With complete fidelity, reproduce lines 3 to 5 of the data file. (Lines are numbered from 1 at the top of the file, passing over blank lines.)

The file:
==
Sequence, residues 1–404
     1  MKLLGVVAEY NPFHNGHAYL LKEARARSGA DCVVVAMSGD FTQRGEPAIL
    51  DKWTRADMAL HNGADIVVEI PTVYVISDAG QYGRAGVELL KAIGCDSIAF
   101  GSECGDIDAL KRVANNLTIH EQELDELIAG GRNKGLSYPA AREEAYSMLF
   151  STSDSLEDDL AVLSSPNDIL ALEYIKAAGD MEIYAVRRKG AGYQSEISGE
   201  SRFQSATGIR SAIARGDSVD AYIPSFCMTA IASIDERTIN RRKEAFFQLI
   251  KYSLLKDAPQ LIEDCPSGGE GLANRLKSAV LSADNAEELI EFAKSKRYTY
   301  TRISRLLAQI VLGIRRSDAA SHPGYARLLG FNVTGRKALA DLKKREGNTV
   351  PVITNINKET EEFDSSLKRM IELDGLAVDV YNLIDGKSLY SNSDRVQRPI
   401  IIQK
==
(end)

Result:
    51  DKWTRADMAL HNGADIVVEI PTVYVISDAG QYGRAGVELL KAIGCDSIAF
   101  GSECGDIDAL KRVANNLTIH EQELDELIAG GRNKGLSYPA AREEAYSMLF
   151  STSDSLEDDL AVLSSPNDIL ALEYIKAAGD MEIYAVRRKG AGYQSEISGE